According to Smolka, about 80% of the app’s features worked right out of the box, with the rest requiring a little tweaking to get working. Seeing a functioning app so quickly is encouraging for developers. That’s particularly true for smaller teams who may not have the resources to spend an eternity tweaking and problem-solving to get their apps working on a new platform.
“It was extremely fast to get Fiery Feeds to run on MacOS,” said Lukas Burgstaller of Cocoacake Software, whose apps range from an RSS reader to an iOS music player for falling asleep.
For many developers, creating a Mac version of their iPad app was a dream come true.
“It was an iPad app, and within half an hour I had a working version of the Mac app,” Burgstaller told me. “Think exactly the iPad app running with a window border. It took about four months to get to something that looks and feels halfway like an actual Mac app… doing the same with AppKit would have taken 1-2 years — which is why I haven’t done a Mac app before.”
For many developers, creating a Mac version of their iPad app was a dream that couldn’t previously be realized due to the time and effort required to create a Mac app. Mac Catalyst made all the difference.
But that’s only one side of the story.
The calculator app PCalc has long been a familiar piece of Mac software. But developer James Thomson has so far decided against using Mac Catalyst to port it from the iPad. In October 2019, he laid out his reasons why, citing APIs that felt “unfinished” and out of place design choices, such as the aforementioned iOS-style date picker.
He ultimately deemed porting PCalc using Mac Catalyst to be too risky for his flagship app. When I spoke to him later about his impressions of Catalyst, he told me he had decided to port his simpler Dice app “to keep an eye on the technology.”
This hesitance to commit to a new piece of technology is nothing new. Take, for example, the situation Microsoft has been in for a number of years. The company’s repeated attempts to help its developers move from one system to another has resulted in one failure after another.
Microsoft has struggled to win over its legacy Win32 developers and convince them the Universal Windows Platform (UWP) is the way to go. Ambitious ideas like Windows RT, Windows 10 Mobile, Windows 10 S, and even the Surface Pro X, have fallen by the wayside as a result. Microsoft’s new approach seems to be to just mash everything together — apps for Win32, UWP, the web (and even Android on its Surface Duo device) — in Windows 10X. It’s a safe way to go, though it can lead to an operating system that feels like a bunch of pieces stitched together, rather than a single unified experience.
Microsoft’s flailing illustrates just how tricky it can be to pair two platforms together. Apple faces less of a battle convincing Mac developers of the benefits of Mac Catalyst because the process is (for now) one way. Mac developers aren’t being asked to make their apps work on iPads, after all.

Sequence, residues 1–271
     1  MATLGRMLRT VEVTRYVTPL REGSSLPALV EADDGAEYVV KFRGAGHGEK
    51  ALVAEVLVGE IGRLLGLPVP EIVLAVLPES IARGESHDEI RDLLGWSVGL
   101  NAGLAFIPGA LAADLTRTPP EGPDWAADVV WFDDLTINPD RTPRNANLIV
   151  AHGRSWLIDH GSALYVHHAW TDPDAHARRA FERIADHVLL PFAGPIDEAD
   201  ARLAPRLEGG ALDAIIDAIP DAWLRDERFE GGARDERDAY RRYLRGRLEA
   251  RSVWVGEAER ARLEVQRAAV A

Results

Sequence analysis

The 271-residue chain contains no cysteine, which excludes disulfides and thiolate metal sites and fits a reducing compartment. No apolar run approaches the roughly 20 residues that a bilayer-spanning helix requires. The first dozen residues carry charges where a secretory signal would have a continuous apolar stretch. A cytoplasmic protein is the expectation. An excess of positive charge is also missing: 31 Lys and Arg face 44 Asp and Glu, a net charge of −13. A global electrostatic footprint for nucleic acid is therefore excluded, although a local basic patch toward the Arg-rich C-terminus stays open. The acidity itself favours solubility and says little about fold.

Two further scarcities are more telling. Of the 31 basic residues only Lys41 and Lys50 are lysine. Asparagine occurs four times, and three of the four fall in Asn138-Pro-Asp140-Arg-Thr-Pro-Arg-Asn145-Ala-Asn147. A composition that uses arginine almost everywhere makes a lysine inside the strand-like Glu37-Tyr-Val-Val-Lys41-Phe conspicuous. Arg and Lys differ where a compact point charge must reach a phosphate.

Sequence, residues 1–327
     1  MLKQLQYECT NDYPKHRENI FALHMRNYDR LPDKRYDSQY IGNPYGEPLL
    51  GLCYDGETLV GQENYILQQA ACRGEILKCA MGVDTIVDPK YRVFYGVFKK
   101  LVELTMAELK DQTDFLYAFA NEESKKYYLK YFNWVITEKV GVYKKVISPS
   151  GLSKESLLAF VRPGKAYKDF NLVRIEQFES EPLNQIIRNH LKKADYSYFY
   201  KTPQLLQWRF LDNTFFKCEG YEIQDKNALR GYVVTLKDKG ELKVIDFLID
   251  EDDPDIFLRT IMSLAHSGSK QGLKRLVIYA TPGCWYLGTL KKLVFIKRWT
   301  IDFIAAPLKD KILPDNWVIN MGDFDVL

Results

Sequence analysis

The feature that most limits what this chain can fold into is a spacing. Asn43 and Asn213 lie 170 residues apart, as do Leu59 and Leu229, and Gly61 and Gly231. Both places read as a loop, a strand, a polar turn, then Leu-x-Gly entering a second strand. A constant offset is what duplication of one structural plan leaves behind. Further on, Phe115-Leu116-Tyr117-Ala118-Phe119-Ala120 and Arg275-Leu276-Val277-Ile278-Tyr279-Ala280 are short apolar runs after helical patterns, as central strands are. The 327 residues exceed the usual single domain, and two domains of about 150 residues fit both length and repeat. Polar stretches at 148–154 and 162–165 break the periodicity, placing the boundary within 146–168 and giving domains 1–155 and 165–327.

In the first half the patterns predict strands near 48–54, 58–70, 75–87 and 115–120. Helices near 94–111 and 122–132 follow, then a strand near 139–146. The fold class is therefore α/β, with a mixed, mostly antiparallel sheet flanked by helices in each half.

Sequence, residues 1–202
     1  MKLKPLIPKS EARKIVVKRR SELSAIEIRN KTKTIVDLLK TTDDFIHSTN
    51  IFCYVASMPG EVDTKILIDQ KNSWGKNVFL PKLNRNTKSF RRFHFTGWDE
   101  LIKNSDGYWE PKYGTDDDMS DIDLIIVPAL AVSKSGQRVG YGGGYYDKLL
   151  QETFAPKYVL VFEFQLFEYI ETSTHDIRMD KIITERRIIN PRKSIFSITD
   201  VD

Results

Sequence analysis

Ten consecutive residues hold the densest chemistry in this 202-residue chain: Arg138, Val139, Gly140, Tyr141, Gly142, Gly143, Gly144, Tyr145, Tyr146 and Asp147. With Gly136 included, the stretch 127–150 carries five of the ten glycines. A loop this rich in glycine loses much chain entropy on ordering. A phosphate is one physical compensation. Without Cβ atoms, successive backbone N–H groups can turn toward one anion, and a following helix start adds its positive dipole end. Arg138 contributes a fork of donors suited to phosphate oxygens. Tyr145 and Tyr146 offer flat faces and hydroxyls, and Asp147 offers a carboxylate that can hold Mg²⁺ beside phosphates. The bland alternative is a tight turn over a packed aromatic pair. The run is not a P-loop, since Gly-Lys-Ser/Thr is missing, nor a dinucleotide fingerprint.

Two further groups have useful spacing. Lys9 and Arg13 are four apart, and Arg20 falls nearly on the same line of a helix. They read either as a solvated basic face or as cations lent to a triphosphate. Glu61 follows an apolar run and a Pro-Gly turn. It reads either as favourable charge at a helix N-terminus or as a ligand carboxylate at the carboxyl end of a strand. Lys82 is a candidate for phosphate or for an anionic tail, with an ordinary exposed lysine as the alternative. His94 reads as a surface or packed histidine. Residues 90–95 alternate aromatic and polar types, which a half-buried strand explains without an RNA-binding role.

But Catalyst does change things. All of a sudden, Apple is supporting Mac apps that were created using both the traditional tools and those made with Catalyst.
If talk of Apple switching from Intel chips to Apple-made ARM processors ends up being true, it may be worth the trouble. The rumors have ramped up recently, with noted industry analyst Ming-Chi Kuo predicting the company will make the change within the next 18 months.
The current battle to make Mac Catalyst apps feel Mac-like.
A set of tools like Mac Catalyst, which makes it simple for developers to take an app designed for one system and port it over to another, could be invaluable in such a transition, allowing the ARM-based Mac ecosystem to quickly repopulate with native apps from the get go. Apple’s iPads already run on ARM-based processors; if Macs were to follow suit, Mac Catalyst apps would already be perfectly positioned to run on both platforms.
For now, the current battle is to make Mac Catalyst apps feel Mac-like, something many apps have struggled to do. Currently, many of them lack the standard design conventions that for years have guided Mac users on how they can expect apps to behave.
These should improve over time as iPad developers get a firmer grip on Catalyst, and as the system continues to evolve. As I learned from speaking with developers, they have some ideas for exactly how that should happen.
Since developers first got their hands on it at WWDC 2019, Mac Catalyst has seen several improvements spurred by user feedback. A more Mac-like date picker just made its debut, for example, replacing a design that was jarringly reminiscent of iOS.
Apple told us that it’s constantly talking to developers and listening to feedback on how to improve Mac Catalyst. It also pointed out the technology is very new, and is going to continue evolving over time. Many of the developers we spoke to mirrored that sentiment, telling us they had an ongoing dialog with Apple regarding any issues they were having.